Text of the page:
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Three women, three different countries, and a black dog. Pepita Seth’s The Edge Of Another World links apparently disparate elements and combines them in a swathe of mystery.
The beginning of Pepita Seth’s The Edge Of Another World drifts with the death of Sophie’s mother and Sophie’s own restlessness. She finds her way quite by chance to Portugal where in Alentejo she stays at a convent turned into a hotel and in the recesses of the church, guarded by a black dog, she discovers a fresco of the Virgin who seems to have a familiar face. She also meets an Indian from Malabar who speaks Portuguese and is working on a project related to the church. He tells Sophie that her name means ‘wisdom’ and tells her the story of a Nambiar girl from his village whose wisdom and beauty destroys her.
The second story set in 16th century Portugal is that of Ines who is an orphan ripped from her mother’s womb during an earthquake. She finds herself in a convent and the inspiration of a painter. Ines encounters a man from Malabar in a storm and the sea winds blow her to Malabar where she discovers her true identity.
Thattakkutty’s story is set in an illam a long way back in time. She is the girl mentioned in the first story whose beauty and wisdom were used against her.
Seth brings her exploration of Thayyam and the Malabar people together to make a statement about how women find their true selves in different ways. Sophie and Ines are in search of their fathers – Sophie never finds hers but Inez does, with surprising consequences. Thattakkutty on the other hand is abandoned by her father and the patriarchal Brahmin society to which she belongs – men are allowed their hypocrisy and sexual misconduct but women who stray from the moral path despite having no hope of marriage, are cast out of society. Thattakutty’s sister, betrayed, kills herself.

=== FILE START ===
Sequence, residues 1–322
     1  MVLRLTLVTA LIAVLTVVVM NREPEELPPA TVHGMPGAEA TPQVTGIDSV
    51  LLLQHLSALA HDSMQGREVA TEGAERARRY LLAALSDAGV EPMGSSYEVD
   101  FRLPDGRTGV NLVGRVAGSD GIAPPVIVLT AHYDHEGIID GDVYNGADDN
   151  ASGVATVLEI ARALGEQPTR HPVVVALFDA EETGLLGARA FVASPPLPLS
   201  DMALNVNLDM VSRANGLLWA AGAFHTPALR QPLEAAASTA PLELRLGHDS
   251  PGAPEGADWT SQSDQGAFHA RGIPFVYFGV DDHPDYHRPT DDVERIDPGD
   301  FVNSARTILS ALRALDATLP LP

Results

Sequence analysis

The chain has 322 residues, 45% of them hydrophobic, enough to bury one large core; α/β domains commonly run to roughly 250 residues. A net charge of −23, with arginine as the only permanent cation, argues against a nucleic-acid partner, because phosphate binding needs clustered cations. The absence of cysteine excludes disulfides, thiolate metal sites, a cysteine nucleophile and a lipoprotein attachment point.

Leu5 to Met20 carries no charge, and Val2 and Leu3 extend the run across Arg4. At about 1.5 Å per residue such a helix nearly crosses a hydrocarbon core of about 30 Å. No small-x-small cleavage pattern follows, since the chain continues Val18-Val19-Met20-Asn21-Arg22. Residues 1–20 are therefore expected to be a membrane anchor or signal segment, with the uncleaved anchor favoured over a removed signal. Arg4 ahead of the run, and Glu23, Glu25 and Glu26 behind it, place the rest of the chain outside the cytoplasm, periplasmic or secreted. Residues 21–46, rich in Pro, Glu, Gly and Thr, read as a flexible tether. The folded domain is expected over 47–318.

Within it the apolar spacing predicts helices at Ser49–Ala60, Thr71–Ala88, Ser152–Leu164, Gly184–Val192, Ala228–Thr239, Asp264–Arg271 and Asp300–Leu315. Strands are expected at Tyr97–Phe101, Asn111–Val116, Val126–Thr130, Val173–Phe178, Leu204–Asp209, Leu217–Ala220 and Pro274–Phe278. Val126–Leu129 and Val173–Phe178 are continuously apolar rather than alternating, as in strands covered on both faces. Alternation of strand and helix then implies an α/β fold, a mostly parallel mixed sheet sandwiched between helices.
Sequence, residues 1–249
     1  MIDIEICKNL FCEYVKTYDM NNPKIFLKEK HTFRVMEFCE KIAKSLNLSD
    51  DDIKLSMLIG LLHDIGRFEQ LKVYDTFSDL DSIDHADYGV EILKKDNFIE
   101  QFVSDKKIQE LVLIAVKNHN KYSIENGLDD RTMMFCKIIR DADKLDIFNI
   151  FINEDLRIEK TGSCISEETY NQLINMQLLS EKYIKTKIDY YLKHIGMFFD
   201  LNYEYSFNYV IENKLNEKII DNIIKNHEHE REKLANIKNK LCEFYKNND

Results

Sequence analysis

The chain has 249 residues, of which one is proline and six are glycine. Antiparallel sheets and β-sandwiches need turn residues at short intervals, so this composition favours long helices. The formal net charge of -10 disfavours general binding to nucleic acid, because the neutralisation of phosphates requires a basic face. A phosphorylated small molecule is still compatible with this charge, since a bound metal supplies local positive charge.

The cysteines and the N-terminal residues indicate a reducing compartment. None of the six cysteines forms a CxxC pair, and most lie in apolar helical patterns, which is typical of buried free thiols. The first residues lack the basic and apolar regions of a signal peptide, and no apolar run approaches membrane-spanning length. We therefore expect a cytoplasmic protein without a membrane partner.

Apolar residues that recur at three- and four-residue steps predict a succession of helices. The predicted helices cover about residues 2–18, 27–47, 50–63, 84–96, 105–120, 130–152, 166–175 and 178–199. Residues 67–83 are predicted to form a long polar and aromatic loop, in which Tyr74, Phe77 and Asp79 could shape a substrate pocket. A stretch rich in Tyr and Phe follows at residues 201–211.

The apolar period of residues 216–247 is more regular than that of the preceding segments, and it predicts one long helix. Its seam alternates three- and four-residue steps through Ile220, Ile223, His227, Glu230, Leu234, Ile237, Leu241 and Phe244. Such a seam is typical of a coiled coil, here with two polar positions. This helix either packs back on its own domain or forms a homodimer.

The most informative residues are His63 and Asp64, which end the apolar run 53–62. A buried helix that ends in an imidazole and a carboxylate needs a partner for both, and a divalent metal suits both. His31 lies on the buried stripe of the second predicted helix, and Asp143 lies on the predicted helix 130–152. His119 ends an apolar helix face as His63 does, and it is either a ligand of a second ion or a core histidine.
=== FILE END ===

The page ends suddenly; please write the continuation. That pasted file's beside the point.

The three main male characters are benevolent men stranded on foreign shores and in a perennial quest for home. Otherwise, men are part of a patriarchal conspiracy in the author’s scheme of things where the Brahmin community and the Inquisition are concerned.
Seth manages to hold the reader’s interest and a great deal of research into Portuguese convent customs is apparent – details about eggs and sugar for example, or dowries made up of prized family recipes. She also throws in supernatural nuggets about the black hound from hell who appeared in storms and left his scratch marks on the doors of a Suffolk church. Inez has a little black dog. Sophie’s mother’s dog dies after Sophie’s mother passes away. Of course, the dogs are European creatures, not to be found in the Malabar episodes, though the goddess Bhagavathi in her shining Theyyam incarnation has silver canines.
Seth’s is an elemental world of mysticism where the truth is never what it seems and The Edge of Another World does exactly what the title suggests, bringing to light experiences not normally presented in terms of women and their identities, divorced from men or otherwise.
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